own stock, he's doing contract research work in animal science.
In Manitoba, a family began to sell their farm-raised beef
direct to consumers. In Nova Scotia, another farm family made
a big push to ship hay to Quebec and the U.S.
When you consider these success stories, it's clear that
the producers have much in common. They've found themselves
confronted by a formidable obstacle, one not of their own
making. They've reviewed their assumptions and options going
forward. They've thought creatively about what to do. They've
acted decisively, but not rashly. They've had due regard for
risk management. That is the path to a successful future.
Just as your industry is changing, so is ours - and I would
argue that it's altering and improving our relationship. Banking
by phone or over the Internet can save you money and time
- no more drives into town for basic account management. But
even in the face of changing technology, we will never fail
to remember the importance of a face-to-face relationship.
In fact, we're investing in that relationship because we believe
that you need to view your banking relationship as added value.
If you consider a loan to be a bulk commodity, one that you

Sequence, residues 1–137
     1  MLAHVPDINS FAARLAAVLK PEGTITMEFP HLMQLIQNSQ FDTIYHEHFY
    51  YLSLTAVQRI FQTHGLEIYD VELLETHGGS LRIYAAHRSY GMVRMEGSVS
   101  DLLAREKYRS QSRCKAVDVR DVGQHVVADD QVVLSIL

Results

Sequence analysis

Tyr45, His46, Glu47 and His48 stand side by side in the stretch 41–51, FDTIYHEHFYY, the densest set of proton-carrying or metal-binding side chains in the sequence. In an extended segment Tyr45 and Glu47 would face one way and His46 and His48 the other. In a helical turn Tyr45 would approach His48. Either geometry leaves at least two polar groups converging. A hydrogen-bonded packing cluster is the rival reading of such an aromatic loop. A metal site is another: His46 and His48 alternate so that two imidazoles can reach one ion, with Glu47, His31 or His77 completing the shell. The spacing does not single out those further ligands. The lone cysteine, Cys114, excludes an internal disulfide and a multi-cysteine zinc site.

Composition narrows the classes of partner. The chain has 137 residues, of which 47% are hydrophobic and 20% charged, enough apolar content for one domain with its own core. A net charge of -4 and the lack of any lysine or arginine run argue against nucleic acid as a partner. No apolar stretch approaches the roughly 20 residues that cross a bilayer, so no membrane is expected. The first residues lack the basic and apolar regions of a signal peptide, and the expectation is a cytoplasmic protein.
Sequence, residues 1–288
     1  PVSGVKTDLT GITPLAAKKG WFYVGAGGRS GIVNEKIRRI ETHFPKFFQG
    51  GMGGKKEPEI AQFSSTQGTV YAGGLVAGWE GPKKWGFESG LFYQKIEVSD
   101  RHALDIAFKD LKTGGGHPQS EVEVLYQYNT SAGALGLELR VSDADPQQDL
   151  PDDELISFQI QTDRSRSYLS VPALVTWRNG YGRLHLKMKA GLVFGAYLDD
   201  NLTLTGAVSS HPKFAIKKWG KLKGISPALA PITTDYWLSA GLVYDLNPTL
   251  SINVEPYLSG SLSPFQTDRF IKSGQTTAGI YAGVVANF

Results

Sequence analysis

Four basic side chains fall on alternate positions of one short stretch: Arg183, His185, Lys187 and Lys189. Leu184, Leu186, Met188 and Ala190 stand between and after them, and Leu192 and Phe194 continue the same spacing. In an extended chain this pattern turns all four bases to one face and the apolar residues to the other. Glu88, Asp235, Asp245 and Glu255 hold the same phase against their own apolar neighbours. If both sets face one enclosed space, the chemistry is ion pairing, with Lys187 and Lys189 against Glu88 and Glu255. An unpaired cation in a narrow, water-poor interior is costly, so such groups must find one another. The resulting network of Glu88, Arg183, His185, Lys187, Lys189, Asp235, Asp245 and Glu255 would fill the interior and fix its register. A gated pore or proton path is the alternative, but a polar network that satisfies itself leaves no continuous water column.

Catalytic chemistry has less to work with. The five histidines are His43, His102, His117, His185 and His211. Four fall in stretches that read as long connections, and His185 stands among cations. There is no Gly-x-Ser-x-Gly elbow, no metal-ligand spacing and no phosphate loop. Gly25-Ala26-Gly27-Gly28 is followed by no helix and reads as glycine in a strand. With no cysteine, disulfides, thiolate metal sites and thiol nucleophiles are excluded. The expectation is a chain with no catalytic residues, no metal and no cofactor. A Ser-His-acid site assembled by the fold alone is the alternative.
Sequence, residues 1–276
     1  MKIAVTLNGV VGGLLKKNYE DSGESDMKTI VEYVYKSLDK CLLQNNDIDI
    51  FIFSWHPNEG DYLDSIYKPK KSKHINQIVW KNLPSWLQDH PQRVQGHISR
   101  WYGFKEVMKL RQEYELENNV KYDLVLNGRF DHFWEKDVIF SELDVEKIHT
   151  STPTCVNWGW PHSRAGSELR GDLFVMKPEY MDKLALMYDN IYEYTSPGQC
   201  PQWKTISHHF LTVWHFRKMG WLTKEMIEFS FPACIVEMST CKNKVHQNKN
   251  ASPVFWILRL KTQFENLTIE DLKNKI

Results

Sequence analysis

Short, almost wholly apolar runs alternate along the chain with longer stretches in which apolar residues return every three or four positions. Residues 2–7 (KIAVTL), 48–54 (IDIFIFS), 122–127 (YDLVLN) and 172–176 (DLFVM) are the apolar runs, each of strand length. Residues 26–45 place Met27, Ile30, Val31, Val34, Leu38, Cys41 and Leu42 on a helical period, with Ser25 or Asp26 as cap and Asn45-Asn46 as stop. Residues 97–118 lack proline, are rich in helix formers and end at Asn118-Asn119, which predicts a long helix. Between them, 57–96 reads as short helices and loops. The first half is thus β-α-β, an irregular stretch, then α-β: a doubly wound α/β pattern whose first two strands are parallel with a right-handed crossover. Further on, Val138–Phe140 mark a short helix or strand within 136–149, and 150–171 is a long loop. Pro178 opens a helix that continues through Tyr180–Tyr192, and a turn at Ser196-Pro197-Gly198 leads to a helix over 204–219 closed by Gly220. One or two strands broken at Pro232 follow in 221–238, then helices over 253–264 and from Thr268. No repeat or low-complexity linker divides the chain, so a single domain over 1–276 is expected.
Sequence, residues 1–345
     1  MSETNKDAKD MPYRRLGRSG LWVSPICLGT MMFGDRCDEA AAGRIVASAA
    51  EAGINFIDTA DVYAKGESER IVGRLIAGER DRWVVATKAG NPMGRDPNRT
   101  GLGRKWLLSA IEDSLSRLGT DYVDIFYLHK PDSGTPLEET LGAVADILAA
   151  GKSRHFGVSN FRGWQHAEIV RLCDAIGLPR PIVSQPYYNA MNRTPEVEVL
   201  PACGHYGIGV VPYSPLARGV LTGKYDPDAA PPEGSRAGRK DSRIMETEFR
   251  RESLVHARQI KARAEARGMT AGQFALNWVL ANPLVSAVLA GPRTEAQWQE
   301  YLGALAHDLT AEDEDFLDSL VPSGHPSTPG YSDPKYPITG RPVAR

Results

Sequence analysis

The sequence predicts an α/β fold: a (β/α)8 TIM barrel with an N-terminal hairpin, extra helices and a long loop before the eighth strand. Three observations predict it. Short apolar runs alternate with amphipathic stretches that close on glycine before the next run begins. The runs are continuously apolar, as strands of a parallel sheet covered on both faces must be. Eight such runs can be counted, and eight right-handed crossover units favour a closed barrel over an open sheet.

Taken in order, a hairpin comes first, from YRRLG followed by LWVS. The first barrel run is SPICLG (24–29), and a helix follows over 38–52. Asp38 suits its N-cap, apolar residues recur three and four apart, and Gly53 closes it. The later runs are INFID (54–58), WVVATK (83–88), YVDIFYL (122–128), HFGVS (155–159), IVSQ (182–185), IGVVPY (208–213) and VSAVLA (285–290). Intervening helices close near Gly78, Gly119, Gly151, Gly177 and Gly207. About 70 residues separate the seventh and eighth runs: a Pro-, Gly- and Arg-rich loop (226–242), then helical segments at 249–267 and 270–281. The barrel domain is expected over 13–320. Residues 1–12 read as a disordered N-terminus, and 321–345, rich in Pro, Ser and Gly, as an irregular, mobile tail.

could get anywhere, then what is RBC's value-added? It is
the expertise of our people, a resource we are constantly
developing. Royal Bank was the first Canadian bank to provide
specialized services and advice to farmers and ranchers. In
1980, we opened Canada's first dedicated Agricultural Banking
Centre, in Red Deer. During the 1990s, we started to invest
heavily in training and developing our agricultural bankers,
to take their expertise to a higher level.
Today, we lend a lot of money to agriculture and increasingly,
provide risk management services like currency hedging as
well. Because we understand the importance of human relationships,
we've dedicated ourselves to breaking down the old ways of
our banking culture and now make it possible for account managers
to stay and to thrive in their local areas - working with
you over years and even decades.
You want to deal with a banker who understands your business
and your industry. We get that. That's why we've added depth
and knowledge in selected farm sectors. In Central Alberta,
for example, we have two staff members who are credit specialists